Few drummers (percussionists??) can move me the way Zelienople’s Mike Weis can. For close to two decades, his considered style and approach have evolved with curiosity and vulnerability (full disclosure, he played on my album, Bloodlines, and is the main reason that album is as good as it is). Ring the Bell for the 10,000 Forgotten Things is the culmination of his participation in the Calumet Artist Residency program at Miller Woods in 2019.
There’s so much to this project that makes it special, but I keep finding myself drawn back to the photo book and the concept behind Weis’s images. During his residency, he took hundreds of photos of Little Bluestem, a type of native grass. From there, he “superimposed the shapes of maps of protected nature preserves in the Calumet Region on the Little Bluestem images and then cut and copied these shapes onto a diptych panel to emphasize the cut up and fragmented practice of land use in the Calumet Region and how little of land portion is preserved in its natural state.” The images are striking.
Ring the Bell for the 10,000 Forgotten Things takes the project further, connecting the ways this land has been overtaken by people and development through a series of field recordings Weis made during the residency. Natural sounds and manmade sounds intermingle, sometimes indistinguishable from each other, broadening the sonic palette into new places. Crickets chirp and airplanes fly overhead, both things most of us are so familiar with we take for granted, but in this project the effects become heightened.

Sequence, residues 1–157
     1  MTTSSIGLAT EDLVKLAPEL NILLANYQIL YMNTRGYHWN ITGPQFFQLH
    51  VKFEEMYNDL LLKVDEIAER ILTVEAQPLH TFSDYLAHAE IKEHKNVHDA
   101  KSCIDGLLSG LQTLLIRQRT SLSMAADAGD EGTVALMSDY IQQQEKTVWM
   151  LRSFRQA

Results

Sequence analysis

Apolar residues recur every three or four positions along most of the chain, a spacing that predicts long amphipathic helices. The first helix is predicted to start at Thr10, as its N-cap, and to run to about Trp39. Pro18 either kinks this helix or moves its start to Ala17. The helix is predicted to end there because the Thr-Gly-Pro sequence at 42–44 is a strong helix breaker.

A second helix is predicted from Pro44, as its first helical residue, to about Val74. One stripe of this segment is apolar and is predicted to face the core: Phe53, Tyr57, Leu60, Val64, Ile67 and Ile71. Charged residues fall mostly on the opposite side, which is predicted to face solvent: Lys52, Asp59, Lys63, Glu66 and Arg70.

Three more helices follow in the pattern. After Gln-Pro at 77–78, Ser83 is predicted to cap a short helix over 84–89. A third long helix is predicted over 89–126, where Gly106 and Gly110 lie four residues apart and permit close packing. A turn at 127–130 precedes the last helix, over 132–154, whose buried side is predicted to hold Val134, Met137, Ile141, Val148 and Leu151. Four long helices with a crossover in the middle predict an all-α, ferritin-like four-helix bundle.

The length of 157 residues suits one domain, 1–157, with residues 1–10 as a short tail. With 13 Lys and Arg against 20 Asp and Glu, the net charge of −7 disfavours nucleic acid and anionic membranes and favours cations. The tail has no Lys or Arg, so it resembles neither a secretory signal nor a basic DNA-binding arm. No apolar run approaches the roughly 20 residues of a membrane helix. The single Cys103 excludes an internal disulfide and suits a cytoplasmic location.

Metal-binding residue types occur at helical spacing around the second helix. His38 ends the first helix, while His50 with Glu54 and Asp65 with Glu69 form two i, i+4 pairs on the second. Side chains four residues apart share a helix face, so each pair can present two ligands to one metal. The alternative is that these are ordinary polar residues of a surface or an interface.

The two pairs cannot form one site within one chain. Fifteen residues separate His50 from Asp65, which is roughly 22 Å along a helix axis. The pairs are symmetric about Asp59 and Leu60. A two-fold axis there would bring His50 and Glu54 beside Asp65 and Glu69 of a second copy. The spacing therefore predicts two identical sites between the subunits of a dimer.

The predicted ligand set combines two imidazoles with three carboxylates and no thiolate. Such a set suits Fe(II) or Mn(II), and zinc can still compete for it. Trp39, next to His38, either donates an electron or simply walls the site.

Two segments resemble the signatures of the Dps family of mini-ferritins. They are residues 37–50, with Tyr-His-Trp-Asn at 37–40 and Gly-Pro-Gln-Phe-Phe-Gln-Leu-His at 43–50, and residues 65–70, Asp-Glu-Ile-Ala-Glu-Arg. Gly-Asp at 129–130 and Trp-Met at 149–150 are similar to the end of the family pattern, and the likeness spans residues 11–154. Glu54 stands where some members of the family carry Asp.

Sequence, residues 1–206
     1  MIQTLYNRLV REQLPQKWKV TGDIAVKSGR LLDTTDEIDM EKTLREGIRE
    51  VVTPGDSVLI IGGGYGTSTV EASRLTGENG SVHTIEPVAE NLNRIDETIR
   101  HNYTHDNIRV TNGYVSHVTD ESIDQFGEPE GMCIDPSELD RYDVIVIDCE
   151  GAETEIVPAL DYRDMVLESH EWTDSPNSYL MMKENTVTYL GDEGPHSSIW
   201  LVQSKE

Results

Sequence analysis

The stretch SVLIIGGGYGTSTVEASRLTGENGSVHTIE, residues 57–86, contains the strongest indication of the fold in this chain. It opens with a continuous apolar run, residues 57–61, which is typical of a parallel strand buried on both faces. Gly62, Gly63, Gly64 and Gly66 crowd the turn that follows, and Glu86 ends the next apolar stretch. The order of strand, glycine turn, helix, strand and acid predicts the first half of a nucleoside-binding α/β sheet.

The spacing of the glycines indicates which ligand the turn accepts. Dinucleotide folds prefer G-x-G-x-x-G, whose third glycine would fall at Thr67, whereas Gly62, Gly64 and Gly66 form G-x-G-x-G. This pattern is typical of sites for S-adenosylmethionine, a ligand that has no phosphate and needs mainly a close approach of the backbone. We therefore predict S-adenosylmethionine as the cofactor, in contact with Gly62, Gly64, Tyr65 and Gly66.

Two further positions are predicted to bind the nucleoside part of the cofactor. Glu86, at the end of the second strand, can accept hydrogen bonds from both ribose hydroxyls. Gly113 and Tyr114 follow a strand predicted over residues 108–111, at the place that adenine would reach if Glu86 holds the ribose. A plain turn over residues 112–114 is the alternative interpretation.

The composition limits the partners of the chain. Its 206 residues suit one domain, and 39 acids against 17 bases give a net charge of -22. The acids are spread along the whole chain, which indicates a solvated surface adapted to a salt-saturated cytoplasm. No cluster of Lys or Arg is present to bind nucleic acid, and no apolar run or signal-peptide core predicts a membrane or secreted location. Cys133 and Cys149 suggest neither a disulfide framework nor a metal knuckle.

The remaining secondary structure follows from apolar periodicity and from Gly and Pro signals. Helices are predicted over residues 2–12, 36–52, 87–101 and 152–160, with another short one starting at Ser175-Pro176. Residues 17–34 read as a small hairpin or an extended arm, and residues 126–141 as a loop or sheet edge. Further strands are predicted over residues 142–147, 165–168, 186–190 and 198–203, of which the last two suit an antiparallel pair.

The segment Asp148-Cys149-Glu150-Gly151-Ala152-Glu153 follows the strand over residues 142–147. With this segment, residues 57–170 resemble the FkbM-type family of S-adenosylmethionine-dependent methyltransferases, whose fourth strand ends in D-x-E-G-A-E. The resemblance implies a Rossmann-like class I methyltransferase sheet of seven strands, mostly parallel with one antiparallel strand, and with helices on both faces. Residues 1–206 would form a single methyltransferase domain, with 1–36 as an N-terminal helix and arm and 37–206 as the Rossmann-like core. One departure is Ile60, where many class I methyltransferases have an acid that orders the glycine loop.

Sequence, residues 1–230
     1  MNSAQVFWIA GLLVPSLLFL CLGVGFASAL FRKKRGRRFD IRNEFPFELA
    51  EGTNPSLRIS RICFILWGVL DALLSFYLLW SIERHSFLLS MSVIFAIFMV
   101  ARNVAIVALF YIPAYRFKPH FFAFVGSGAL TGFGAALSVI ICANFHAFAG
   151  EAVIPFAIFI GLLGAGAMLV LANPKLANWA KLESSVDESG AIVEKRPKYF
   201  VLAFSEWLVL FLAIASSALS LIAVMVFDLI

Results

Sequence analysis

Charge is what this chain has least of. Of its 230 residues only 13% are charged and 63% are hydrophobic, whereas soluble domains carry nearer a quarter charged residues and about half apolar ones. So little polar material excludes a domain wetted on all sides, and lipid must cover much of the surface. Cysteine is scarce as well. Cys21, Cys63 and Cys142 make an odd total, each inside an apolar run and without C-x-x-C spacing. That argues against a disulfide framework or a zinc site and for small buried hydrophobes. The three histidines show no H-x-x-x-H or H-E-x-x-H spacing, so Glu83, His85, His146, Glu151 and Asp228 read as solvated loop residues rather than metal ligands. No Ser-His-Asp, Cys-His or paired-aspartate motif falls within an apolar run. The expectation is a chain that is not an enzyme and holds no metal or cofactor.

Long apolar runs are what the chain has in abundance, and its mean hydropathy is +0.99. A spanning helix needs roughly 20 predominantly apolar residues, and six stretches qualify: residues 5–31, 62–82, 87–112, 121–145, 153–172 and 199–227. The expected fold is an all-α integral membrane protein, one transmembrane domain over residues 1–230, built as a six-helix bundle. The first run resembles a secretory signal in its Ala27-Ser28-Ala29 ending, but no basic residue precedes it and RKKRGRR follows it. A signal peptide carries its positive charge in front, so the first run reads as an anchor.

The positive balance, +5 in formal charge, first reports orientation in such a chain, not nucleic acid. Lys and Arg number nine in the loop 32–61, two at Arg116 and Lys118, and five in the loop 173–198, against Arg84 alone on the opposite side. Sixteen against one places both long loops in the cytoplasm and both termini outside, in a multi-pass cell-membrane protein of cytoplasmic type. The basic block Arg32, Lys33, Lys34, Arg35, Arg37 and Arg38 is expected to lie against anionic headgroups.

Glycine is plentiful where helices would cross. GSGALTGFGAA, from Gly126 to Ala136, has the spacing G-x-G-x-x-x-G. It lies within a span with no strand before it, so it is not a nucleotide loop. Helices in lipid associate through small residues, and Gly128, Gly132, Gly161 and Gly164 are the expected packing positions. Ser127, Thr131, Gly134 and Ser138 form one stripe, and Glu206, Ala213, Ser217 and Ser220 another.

Weis ties everything together with his inventive, emotive playing. Percussive sounds melt into the landscapes, spurring movements in the shadows. Rhythms become cloaked in a shroud of insect song and metallic resonance. A humid eerieness folds into surprise grooves buoyed by hollow tones and sonorous chimes. Weis’s arsenal is expansive like a massive network of interconnected mycelium. Through sound, photographs, and imagery, Ring the Bell for the 10,000 Forgotten Things is a treatise on worlds that are slipping away.